So next on my moment of reflection,is our life here. It’s strange how after only being here for a short time, it already feels like home. We live in a lovely village with wonderful neighbours, surrounded by beautiful countryside, great weather ( at the moment anyway! ), met some really nice people and met a lovely ex-pat couple that have become our dearest friends, life doesn’t get much better. Do we miss the UK, not in a million years. There is only one thing we miss and that of course is our families. That is the hardest thing to cope with here, not being able to just pop down the road to see our parents, I became an Auntie recently but it will be a while before I get to see my beautiful niece. It was my Sons birthday the other day and i missed not being able to wish him properly. The last few days have been a struggle for me as I have felt homesick, not for my previous life in the UK but because I really miss my children more than anything. That’s the only downside of moving abroad, having to leave loved ones behind but at least there is the Internet and mobile phones, makes the separation a little easier.
We still haven’t been able to master the language,although we have learnt a few words but we are becoming experts at charades! One of our neighbours keeps telling me off, saying I need to learn Bulgarian and then laughs at me because I keep saying ‘sorry’. Another neighbour and his wife are trying to learn English a little,so they can talk to us, which we thought was sweet of them. More and more of the villagers are starting to talk to us, I think it’s because they have now realised we are not here on holiday but here to live and therefore more accepting of us. Ok, so it all sounds so lovely and rosy, most of the time it is, although to be truthful, at times, it’s hard to work out what is the right thing to do or say so as not to offend, or to understand their ways, but these things take time and I think we are slowly learning to appreciate their ways, as I’m sure they are learning ours.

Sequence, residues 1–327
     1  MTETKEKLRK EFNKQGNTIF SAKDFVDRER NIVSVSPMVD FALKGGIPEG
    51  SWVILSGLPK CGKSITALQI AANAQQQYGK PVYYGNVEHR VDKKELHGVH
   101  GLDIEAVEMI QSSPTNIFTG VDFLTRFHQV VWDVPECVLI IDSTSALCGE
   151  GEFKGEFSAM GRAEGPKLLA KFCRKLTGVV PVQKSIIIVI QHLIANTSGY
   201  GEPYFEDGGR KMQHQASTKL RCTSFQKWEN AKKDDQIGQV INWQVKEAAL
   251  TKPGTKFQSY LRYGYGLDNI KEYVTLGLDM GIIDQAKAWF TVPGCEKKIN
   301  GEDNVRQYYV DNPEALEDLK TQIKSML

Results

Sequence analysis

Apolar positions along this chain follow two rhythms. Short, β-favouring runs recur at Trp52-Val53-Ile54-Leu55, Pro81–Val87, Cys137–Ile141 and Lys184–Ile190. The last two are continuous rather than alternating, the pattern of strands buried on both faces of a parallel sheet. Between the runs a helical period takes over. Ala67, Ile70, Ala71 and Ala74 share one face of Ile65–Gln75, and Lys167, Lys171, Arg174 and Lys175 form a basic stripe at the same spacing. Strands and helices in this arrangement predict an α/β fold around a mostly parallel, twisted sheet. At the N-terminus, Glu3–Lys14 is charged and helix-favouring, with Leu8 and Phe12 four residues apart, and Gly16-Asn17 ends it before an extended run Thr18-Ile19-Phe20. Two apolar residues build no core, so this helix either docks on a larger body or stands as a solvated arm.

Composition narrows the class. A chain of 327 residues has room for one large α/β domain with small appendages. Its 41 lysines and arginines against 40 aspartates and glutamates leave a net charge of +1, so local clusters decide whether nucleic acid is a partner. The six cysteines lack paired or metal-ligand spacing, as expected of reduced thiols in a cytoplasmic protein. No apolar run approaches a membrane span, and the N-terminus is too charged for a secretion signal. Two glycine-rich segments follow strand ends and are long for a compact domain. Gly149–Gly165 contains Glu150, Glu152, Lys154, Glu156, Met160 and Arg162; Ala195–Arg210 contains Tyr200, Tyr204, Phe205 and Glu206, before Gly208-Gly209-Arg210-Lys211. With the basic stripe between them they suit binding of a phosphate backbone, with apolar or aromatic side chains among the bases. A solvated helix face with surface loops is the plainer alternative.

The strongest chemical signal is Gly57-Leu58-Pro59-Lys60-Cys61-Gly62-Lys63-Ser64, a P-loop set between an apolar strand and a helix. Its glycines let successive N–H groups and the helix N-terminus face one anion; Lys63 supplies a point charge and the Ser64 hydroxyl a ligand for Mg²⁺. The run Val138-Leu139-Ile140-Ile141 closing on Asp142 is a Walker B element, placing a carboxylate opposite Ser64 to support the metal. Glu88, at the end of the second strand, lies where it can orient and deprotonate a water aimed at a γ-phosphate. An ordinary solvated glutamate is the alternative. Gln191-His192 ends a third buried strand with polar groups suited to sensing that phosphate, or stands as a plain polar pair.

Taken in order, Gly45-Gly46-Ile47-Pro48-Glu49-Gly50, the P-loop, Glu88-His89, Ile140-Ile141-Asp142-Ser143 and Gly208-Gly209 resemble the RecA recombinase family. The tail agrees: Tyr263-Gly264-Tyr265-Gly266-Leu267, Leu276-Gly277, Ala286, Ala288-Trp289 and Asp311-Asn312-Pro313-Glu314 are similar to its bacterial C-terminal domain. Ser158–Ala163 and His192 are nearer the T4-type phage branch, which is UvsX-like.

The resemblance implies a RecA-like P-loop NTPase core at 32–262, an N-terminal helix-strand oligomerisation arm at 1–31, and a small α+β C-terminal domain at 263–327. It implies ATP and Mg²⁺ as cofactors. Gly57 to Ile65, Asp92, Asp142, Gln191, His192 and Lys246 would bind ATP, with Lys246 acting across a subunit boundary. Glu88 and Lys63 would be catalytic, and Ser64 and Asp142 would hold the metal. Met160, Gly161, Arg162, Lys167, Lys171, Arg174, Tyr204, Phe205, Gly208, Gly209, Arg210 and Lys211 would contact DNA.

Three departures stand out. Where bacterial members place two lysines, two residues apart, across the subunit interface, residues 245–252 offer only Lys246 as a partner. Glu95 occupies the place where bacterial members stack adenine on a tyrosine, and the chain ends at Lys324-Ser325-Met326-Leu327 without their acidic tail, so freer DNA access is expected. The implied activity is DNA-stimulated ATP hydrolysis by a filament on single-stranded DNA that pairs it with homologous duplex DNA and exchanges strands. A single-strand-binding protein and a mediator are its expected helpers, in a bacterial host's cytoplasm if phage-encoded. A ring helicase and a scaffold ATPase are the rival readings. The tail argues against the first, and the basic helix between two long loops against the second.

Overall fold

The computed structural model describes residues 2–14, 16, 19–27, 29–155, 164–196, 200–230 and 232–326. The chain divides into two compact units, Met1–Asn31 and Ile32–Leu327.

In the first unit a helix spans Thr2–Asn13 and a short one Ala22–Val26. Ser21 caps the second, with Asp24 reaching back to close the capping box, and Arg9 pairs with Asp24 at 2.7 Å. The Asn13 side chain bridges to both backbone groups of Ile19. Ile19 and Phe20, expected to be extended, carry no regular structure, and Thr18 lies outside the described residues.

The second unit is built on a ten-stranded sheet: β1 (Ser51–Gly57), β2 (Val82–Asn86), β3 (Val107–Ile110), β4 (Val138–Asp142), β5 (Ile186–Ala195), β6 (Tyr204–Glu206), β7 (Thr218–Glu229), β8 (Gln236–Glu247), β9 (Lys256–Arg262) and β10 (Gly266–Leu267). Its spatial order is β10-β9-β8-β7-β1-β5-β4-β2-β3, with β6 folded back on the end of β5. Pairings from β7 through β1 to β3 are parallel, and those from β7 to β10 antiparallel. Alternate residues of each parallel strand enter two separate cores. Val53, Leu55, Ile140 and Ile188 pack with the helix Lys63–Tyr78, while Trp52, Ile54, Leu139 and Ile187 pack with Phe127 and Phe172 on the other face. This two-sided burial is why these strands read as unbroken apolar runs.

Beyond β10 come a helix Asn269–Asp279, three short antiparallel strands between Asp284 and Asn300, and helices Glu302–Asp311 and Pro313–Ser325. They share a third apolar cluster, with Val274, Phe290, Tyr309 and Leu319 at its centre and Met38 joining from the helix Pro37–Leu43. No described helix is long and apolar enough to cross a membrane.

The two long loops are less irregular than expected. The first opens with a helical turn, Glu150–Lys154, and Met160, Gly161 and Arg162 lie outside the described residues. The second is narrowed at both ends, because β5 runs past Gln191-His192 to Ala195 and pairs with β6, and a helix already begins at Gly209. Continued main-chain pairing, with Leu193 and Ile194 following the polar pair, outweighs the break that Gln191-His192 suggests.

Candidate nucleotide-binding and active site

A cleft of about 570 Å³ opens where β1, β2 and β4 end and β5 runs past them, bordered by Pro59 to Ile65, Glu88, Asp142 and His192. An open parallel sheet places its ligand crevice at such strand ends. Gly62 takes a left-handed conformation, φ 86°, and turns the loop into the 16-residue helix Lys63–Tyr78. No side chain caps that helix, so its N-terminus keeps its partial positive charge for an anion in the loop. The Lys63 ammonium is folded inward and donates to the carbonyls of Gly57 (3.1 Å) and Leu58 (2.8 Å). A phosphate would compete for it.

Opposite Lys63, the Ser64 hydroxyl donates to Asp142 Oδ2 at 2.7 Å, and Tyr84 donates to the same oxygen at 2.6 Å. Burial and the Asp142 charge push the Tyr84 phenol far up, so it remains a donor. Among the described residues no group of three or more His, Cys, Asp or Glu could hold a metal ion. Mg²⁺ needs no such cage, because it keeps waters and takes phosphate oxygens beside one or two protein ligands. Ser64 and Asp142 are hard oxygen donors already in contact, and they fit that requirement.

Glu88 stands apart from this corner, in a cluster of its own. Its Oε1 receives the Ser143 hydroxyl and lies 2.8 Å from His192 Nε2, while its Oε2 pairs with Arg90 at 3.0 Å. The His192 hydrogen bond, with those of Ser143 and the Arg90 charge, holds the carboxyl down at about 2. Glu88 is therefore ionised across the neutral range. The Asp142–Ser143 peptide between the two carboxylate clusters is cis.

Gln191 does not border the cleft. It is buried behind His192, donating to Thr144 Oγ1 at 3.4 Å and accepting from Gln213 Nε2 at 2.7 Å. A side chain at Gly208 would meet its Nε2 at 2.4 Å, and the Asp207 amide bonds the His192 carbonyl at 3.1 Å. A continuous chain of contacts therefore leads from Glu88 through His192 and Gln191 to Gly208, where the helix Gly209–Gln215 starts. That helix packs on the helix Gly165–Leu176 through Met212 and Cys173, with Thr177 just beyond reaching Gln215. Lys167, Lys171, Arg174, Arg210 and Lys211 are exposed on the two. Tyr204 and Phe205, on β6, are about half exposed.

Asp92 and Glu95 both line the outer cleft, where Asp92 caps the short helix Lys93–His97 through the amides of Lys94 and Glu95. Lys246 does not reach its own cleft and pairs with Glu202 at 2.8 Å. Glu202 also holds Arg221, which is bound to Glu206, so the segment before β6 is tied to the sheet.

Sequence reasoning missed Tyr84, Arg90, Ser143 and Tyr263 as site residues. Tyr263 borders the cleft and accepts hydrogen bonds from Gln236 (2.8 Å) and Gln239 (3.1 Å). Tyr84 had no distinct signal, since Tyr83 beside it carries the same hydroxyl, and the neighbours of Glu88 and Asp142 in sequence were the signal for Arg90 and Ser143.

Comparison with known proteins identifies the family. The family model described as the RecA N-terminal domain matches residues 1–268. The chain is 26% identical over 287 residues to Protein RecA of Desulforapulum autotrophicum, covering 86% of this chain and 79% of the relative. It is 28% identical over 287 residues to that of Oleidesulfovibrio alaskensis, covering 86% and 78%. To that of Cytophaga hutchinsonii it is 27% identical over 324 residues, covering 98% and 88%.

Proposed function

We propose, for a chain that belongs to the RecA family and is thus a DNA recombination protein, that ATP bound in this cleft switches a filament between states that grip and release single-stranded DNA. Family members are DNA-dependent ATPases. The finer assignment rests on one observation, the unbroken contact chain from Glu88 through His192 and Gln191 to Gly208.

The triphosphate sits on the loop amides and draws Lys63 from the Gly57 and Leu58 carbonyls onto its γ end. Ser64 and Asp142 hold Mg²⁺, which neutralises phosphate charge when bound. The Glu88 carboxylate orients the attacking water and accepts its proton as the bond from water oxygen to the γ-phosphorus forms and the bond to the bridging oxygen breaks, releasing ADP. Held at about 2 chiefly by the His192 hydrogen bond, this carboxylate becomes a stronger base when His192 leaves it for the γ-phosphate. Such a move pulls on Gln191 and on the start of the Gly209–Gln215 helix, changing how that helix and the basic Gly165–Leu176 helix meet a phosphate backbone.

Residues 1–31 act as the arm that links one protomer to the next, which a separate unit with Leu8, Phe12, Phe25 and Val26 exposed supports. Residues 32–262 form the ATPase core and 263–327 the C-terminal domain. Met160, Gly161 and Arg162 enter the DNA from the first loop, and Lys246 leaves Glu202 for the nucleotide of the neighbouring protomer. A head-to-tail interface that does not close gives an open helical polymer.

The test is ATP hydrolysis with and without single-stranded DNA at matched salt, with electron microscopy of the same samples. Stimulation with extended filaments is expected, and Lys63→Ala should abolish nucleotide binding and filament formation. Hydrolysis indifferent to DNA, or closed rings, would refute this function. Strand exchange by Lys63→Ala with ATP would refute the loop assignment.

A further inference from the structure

Looking back to a few weeks before we were to embark on our new life here, I must admit, I was scared and unsure if it was the right thing to do, after all we we moving to a country we had never visited, into a house we bought but had never seen,apart from photos. Yes, I suppose we were stark raving mad but in all honesty,I’m so glad we took that risk. Granted,it has been difficult at times and yes it’s bloody hard work. I’m sure we will have several mountains to climb, battles to fight and a few tears to shed, but if it means we have our little piece of heaven, it will be worth it.
Well as much as I’d like to sit around all day reflecting, I cant, I’m afraid my glamorous life awaits me……..time to go weed the garden !!!!
At long last we have finally finished the bathroom. It’s been a lot of blood,sweat and tears but we got there in the end. Considering we have done everything , plumbing, wiring, tiling, woodwork etc our selves and we are far from experts in any way, shape or form, we are pretty pleased with the end result 🙂
It’s been extremely hot recently, ( over 50c in the sun ), that we haven’t been able to do as much as usual. The heat just drains all our energy and although most of the work we are doing is in the house, even with the fans on, we are still dripping with sweat. The only bonus to this heat, is we are loosing weight ! As we still have lots to do before our next influx of family visits, we decided to get up earlier so that we can get as much done as possible, while it is a little cooler and before mid-day when the temperature soars. So on Thursday (1st August) we got up at 6am, and after a coffee, it was outside to see to our usual morning chores ( veg plot, sort dogs, hang washing, etc). Once all that was done then we were able to get on with finishing the woodwork in the bathroom. By around 1pm we had managed to get quite a lot done and the rest of the day was just pottering and trying to keep cool. So we decided that, while the hot weather is here, we will get up early every day and take advantage of the slightly cooler morning. Not really rocket science since that’s what Bulgarians do anyway!